3.  Many charedim do not want to be at the service of a secular organization from a secular country whose legitimacy in Jewish terms they do not accept (notwithstanding my own personal view as a religious zionist that the existence of the State of Israel, even though secular in nature, does have religious significance.)
  4. Many charedim are wary of the ethos of ‘my strength and the might of my hand that has accumulated this wealth for me’ (Deuteronomy 8:17), that national service may diminish the important conviction that all comes from Hashem.

Let’s be frank. There is no way that the IDF can properly cater for charedim. Yes, there’s the Netzach Yehudah Battalion, but the level of acceptance is minimal, mainly on the furthest fringes of charedi society. While I recognize the commitment and dedication of those behind Netzach Yehudah and respect their efforts, charedi leaders have made it clear this is no solution.

Addressing the issues above requires:

  1. Charedim serve in a separate organization with a bona fide charedi ethos that is not the IDF but coordinates with the IDF, in a similar way that United Hatzalah coordinates closely with Magen David Adom.
  2. The organization in which charedim serve provides for a daily routine which combines Torah study and prayer with military service.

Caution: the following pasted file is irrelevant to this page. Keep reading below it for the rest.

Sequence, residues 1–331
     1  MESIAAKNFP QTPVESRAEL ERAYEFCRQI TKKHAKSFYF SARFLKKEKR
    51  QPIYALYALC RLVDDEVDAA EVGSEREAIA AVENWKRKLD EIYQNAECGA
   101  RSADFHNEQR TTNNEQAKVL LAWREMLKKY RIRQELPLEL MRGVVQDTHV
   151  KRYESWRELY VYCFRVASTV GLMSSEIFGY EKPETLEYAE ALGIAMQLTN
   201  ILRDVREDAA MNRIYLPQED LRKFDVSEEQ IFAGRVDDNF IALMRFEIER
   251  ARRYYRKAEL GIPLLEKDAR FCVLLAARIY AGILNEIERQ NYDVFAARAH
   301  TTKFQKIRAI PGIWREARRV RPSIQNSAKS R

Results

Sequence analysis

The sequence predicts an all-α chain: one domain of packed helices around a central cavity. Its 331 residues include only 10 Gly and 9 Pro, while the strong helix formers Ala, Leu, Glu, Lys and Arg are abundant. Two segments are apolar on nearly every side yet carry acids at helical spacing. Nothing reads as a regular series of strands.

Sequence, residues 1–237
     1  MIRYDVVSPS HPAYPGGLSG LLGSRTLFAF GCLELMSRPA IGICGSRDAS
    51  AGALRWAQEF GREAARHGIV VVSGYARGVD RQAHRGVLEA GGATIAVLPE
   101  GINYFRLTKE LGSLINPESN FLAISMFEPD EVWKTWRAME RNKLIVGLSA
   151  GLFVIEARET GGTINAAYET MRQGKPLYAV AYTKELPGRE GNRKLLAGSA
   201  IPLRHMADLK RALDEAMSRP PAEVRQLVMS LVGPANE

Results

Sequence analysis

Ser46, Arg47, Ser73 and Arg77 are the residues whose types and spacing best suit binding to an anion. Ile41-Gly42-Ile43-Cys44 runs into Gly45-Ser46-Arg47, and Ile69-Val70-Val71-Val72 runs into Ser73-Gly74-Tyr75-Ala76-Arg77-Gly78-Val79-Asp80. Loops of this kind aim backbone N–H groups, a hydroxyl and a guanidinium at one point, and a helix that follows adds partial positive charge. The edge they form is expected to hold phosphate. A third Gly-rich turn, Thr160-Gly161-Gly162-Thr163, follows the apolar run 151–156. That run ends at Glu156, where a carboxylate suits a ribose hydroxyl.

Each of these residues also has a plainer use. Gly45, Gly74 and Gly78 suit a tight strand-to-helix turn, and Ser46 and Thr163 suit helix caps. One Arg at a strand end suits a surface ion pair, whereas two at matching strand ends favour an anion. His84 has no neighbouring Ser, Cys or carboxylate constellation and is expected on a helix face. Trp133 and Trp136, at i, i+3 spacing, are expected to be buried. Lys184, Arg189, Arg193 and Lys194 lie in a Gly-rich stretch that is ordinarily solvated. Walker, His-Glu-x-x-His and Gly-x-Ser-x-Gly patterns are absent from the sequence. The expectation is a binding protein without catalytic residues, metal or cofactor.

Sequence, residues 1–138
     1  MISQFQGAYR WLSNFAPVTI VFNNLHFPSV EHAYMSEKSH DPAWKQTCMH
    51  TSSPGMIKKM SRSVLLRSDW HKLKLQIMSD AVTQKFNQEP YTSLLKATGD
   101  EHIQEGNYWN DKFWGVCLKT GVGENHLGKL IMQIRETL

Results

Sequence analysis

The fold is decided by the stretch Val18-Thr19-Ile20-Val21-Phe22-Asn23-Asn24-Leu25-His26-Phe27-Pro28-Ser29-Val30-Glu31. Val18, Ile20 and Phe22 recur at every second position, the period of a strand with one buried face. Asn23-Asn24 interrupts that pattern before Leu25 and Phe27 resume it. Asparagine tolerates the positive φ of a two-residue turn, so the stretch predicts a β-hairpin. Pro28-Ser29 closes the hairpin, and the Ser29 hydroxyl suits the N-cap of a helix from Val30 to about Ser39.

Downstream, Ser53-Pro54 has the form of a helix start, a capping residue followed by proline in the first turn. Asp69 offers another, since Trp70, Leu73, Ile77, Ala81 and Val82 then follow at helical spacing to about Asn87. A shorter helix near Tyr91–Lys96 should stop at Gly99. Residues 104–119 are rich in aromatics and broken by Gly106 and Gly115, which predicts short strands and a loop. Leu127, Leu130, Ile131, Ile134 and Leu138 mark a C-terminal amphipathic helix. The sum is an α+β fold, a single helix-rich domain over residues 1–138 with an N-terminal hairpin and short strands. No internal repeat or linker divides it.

This is so obvious to me but yet it seems so many people cannot get past the IDF part.

The idea of a military organization that is not the IDF is anathema, not even worth consideration. Our stiff-neckedness seems to mean we would rather mass societal conflict then consider other approaches that respect the charedi worldview and principles.

How could this other approach work?

The Talmud emphasizes the fundamental importance of defense of border towns.

I can imagine an organization which is established at yeshivah-bases in Israel’s border towns, from Sderot and Netivot in the south to Metulla and Kiryat Shemona in the north.

Large yeshivahs established in which thousands of charedim can live a totally charedi existence, with particular focus studying the laws of war and the halachos of a Jewish army, while performing functions that strengthen the security of these areas and the country as a whole – patrols, observation, surveillance, technology, fortification, evacuation, logistics, munitions and yes, also combat.

Significant funding available to establish, equip and expand these yeshivahs, an incentive for cash-starved charedi society, and at the same time an investment in national security.

Lifelong professional opportunities for charedim who learn valuable technical skills in performing their service, offering the possibility for a career in the organization, or an entry point to gainful employment elsewhere, another incentive for cash-starved charedi society and at the same time an investment in the national economy.

We must contemplate an organization by charedim for charedim for this issue to be resolved.

About the Author
Adam Gross is a strategist that specialises in solving complex problems in the international arena. Adam made aliyah with his family in 2019 to live in northern Israel.
Related Topics
Related Posts